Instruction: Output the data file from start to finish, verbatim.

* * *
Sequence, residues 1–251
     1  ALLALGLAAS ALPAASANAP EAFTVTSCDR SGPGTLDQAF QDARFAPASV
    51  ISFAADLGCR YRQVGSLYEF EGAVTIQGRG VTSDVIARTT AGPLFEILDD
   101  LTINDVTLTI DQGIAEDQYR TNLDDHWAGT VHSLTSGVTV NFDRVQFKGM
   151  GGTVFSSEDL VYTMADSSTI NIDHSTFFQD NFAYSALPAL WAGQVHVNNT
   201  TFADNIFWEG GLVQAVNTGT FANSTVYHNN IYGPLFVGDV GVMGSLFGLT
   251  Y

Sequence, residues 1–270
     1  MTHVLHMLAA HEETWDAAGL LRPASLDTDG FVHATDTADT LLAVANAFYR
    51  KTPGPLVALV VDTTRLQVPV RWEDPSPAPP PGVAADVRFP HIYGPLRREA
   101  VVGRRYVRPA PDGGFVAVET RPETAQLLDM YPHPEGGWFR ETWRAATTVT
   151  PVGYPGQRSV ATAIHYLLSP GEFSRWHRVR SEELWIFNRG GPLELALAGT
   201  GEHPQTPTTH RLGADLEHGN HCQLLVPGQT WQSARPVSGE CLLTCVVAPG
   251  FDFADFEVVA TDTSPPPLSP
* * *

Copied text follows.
Sequence, residues 1–251
     1  ALLALGLAAS ALPAASANAP EAFTVTSCDR SGPGTLDQAF QDARFAPASV
    51  ISFAADLGCR YRQVGSLYEF EGAVTIQGRG VTSDVIARTT AGPLFEILDD
   101  LTINDVTLTI DQGIAEDQYR TNLDDHWAGT VHSLTSGVTV NFDRVQFKGM
   151  GGTVFSSEDL VYTMADSSTI NIDHSTFFQD NFAYSALPAL WAGQVHVNNT
   201  TFADNIFWEG GLVQAVNTGT FANSTVYHNN IYGPLFVGDV GVMGSLFGLT
   251  Y

Sequence, residues 1–270
     1  MTHVLHMLAA HEETWDAAGL LRPASLDTDG FVHATDTADT LLAVANAFYR
    51  KTPGPLVALV VDTTRLQVPV RWEDPSPAPP PGVAADVRFP HIYGPLRREA
   101  VVGRRYVRPA PDGGFVAVET RPETAQLLDM YPHPEGGWFR ETWRAATTVT
   151  PVGYPGQRSV ATAIHYLLSP GEFSRWHRVR SEELWIFNRG GPLELALAGT
   201  GEHPQTPTTH RLGADLEHGN HCQLLVPGQT WQSARPVSGE CLLTCVVAPG
   251  FDFADFEVVA TDTSPPPLSP